1 cup unsifted bleached all-purpose flour
1/2 cup unsifted bleached cake flour
1/2 teaspoon baking powder
1/2 teaspoon salt
3/4 cup miniature semisweet chocolate chips
1 pound (4 sticks) unsalted butter, melted and cooled to tepid
2 ounces bittersweet chocolate, melted and cooled to tepid
8 large eggs
2 1/4 cups superfine sugar
1 3/4 cups firmly packed light brown sugar
4 teaspoons vanilla extract
Seeds from 1 small vanilla bean, scraped clean
For the Cocoa and confectioners’ sugar topping, for sifting over the baked bars:
1/4 cup confectioners’ sugar
1 teaspoon unsweetened alkalized cocoa powder or confectioners’ sugar
Serving: 20 large squares or 40 bars
Preheat the oven to 325 degrees F.
Film the inside of a 13 by 9 by 2-inch baking pan with nonstick flour-and-oil spray. Or, line the inside of the baking pan, lengthwise and width-wise, with sheets of release-surface aluminum foil, pressing in the foil release side up and leaving 2 to 3 inches of foil to extend on all four sides. Film the inside of the foil-lined pan with nonstick oil spray.
For the batter, sift the cocoa powder, all-purpose flour, cake flour, baking powder, and salt onto a sheet of waxed paper.
Toss the chocolate chips with 3/4 teaspoon of the sifted mixture in a small mixing bowl.
In a medium-size mixing bowl, whisk the melted butter and melted chocolate until combined.
In a large mixing bowl, beat the eggs just to mix. Add the superfine sugar and beat for 30 seconds to mix, but not add volume. Blend in the light brown sugar. Blend in the melted chocolate-butter mixture, vanilla extract, and vanilla bean seeds, mixing slowly with a whisk until thoroughly incorporated. Once again, avoid vigorously beating the mixture. Resift the cocoa-flour mixture over the chocolate-butter mixture. Whisk slowly to form a batter, scraping down the sides of the mixing bowl with a rubber spatula to keep the batter even-textured. The batter will be thick. Work in the chocolate chips.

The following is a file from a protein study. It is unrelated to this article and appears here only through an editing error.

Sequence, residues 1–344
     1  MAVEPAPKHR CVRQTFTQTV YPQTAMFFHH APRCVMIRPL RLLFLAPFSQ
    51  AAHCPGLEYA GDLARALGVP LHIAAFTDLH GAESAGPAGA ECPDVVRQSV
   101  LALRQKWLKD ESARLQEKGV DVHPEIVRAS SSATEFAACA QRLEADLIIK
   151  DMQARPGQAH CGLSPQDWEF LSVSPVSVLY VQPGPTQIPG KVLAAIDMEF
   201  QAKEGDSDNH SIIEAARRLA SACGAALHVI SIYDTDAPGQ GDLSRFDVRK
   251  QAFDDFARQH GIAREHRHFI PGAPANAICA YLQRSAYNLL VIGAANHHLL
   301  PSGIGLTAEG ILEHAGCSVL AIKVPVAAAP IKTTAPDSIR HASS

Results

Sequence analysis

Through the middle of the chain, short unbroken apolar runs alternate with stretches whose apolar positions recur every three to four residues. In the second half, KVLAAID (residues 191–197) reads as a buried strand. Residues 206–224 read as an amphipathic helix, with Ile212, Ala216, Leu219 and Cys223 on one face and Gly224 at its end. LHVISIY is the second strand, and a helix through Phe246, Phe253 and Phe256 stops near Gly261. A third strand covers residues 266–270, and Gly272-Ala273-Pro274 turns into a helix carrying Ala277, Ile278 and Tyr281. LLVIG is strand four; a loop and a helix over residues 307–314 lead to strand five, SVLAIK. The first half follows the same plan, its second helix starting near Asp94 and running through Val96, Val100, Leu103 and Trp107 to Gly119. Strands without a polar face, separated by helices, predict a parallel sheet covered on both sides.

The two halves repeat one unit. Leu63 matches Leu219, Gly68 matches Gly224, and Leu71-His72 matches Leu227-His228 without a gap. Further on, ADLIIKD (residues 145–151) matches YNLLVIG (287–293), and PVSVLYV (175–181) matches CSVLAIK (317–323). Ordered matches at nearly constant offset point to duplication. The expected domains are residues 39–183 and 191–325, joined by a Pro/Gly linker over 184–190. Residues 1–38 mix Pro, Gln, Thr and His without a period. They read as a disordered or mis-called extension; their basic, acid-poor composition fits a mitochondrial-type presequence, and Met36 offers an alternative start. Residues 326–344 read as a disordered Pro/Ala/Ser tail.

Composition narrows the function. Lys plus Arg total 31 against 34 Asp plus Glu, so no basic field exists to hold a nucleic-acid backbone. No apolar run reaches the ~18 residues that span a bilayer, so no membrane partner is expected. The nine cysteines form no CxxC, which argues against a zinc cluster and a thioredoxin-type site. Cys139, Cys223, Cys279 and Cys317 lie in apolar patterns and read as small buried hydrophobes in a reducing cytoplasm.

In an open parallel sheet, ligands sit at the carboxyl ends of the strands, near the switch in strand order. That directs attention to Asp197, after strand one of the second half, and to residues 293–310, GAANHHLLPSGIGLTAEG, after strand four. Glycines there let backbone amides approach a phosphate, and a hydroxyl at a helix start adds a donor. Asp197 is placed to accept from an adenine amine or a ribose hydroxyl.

Scrape the batter into the prepared pan. Smooth the top with a flexible palette knife.
Bake the sweet in the preheated oven for 40 to 44 minutes, or until just set. The edges of the baked sweet will puff slightly and there may be a few hairline cracks on the surface; this is to be expected.
Cool the sweet in the pan on a cooling rack. It is absolutely critical that you refrigerate your Dark Shadows for 1 hour at a miniumum, or until firm enough to cut. If you have used the foil liner, lift the block of bar cookies out of the pan by the edges of the foil. Using a very sharp knife that you’ve warmed under very hot water, cut the sweet into 20 squares, or cut each square in half to create bars. Use a long, heavy chef’s knife. (Peel away the cut squares from the foil.) Remove the squares or bars from the pan, using a small offset metal spatula. Or run amok, and break the big block into odd-shaped pieces and fragments. Store in an airtight tin. Just before serving, whisk the confectioners’ sugar and cocoa powder in a small mixing bowl to combine well, then sift the topping over the tops of the squares or bars. Or, sift plain confectioners’ sugar over the tops of the squares or bars.
Because this recipe is all about the chocolate, it really relies on the quality of the chocolate you use. Valrhona and Callebautare both highly recommended.
Make sure that the light brown sugar is sieved to remove any hardened lumps, for these will not melt and will firmly punctuate (in an unattractive way) the baked sweet
If available, miniature bittersweet chocolate chips can replace the semisweet variety
In the topping, a combination of confectioners’ sugar and cocoa powder adds a finishing flurry to the sweet as well as a secondary level of chocolate flavor; cocoa powder alone would make a simple–but significantly more intense–topping (use about 5 teaspoons to sift over the top in a sheer layer), but confectioners’ sugar alone can also be used.